He’s four years from free agency, so he’s not going to be cheap in any sense of the word, but he might be the National League’s version of Eaton.
Marcel Ozuna — Miami Marlins
Ozuna interested the Mariners last winter and may again this offseason. Ozuna is arbitration eligible for the first time, which means three more seasons until free agency arrives.
He’s 26 this month and a solid but unspectacular player in all facets. He’s average center field — may be plus in either corner — has two 20-plus homer seasons and while he’s no on-base machine did post a career high 7.1 percent walk rate in 2016.
The club shouldn’t sell it’s soul for Ozuna, but treating him similar to Eaton (Eaton is better, but costs more in salary, and probably trade, too) makes sense.
Ramos, 29, had a huge year at the plate in 131 games — .307/.354/.496, .361 wOBA, 124 wRC+ — before requiring surgery to repair a torn ACL.
He may not be ready to go until May or June, but is the best option on the free agent market.
Miguel Montero — Chicago Cubs
With David Ross retiring, Montero will get more time in 2017, even with Wilson Contreras slated to be No. 1 on the depth chart to start the season, but Montero is again set to make $14 million and might be worth more to the Cubs in trade — a dearth of catching options in baseball add to his value — than he is splitting time with Contreras.
Contreras isn’t likely to play a lot of outfield, even though Joe Maddon has shown a willingness to do that to get other players into the lineup occasionally, to warrant a $14 million bench player.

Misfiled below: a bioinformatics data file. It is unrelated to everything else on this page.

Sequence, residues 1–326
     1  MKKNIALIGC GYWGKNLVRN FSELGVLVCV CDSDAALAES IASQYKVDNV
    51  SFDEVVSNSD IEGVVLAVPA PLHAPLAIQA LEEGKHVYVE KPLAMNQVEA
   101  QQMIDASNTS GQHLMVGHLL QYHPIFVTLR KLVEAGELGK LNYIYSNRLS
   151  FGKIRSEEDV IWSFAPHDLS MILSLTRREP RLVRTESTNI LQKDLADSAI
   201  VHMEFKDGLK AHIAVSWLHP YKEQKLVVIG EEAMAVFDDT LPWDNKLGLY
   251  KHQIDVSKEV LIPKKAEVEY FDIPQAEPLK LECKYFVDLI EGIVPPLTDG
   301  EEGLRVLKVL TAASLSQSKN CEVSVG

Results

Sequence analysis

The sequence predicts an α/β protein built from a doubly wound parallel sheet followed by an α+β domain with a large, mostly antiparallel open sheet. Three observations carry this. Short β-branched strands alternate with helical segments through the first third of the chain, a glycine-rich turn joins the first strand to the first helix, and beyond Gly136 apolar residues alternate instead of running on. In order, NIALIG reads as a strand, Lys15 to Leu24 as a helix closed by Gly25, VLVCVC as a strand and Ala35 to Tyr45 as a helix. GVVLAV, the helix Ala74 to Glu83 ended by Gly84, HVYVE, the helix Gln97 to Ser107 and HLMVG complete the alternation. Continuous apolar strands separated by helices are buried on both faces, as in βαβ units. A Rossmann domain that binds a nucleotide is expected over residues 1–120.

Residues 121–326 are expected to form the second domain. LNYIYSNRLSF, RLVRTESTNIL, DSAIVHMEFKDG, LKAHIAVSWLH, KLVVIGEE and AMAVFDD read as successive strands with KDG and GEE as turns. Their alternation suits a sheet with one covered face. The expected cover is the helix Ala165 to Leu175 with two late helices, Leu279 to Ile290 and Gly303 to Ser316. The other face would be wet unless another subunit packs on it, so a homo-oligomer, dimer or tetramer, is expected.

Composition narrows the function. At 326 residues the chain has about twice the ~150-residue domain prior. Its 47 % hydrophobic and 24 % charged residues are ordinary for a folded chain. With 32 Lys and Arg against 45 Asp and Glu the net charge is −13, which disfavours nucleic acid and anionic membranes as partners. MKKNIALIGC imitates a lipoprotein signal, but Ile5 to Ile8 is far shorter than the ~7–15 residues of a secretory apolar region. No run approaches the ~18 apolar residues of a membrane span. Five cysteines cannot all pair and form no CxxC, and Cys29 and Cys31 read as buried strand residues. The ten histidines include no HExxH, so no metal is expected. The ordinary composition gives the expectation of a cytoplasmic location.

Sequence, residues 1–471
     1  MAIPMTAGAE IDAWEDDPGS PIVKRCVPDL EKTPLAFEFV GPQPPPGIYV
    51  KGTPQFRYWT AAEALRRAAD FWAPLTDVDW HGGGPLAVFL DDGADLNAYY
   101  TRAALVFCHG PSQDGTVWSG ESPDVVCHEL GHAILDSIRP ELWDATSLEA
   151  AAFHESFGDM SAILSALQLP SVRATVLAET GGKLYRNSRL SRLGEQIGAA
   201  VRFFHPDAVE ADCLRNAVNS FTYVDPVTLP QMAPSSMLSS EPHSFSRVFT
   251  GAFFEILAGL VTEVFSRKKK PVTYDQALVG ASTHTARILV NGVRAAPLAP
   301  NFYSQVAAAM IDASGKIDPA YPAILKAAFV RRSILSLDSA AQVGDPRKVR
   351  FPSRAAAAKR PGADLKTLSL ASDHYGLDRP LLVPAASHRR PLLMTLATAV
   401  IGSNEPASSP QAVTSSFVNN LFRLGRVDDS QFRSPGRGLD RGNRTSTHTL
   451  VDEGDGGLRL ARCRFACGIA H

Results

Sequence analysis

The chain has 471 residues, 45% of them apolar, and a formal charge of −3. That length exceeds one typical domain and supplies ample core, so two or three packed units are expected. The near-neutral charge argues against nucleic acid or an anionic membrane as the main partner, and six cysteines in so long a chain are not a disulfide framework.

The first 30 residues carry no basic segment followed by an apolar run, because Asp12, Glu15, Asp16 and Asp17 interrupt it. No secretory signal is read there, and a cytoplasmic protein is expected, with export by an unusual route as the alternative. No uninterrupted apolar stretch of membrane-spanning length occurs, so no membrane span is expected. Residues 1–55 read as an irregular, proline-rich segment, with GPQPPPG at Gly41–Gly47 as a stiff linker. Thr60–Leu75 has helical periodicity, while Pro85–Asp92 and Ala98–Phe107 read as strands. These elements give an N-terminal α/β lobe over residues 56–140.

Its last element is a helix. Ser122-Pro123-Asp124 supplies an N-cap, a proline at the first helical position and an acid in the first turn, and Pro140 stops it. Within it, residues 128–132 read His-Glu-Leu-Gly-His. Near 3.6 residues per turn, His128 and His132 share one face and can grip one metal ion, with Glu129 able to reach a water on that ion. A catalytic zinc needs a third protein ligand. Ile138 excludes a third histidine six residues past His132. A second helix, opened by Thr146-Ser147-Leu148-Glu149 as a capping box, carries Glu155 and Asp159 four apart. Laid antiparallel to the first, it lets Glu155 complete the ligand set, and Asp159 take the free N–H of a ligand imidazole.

The Cubs aren’t concerned with the latter — $14 million is exactly what Montero made in 2016, too, and he still was benched for many games down the stretch and in the postseason — but the return for Montero could be convincing.
Worth a text, for sure, but it’s worth noting Montero will be a free agent after the ’17 campaign.
Stephen Vogt — Oakland Athletics
Vogt may be among the more realistic targets for clubs looking for catching, considering the A’s like to make deals, make deals involving controllable talent and avoid potentially expensive arbitration scenarios.
Vogt will hit arbitration for the first time this winter, though he’s doing so after a down 2016 where he batted just .251/.305/.406 in 137 games.
Vogt remains a solid catching option — he’s a fringy framer but solid receiver and underrated thrower.
Your trading for three years of an above-average catcher, so it’s going to be pricey, and Vogt is 32 years old, already.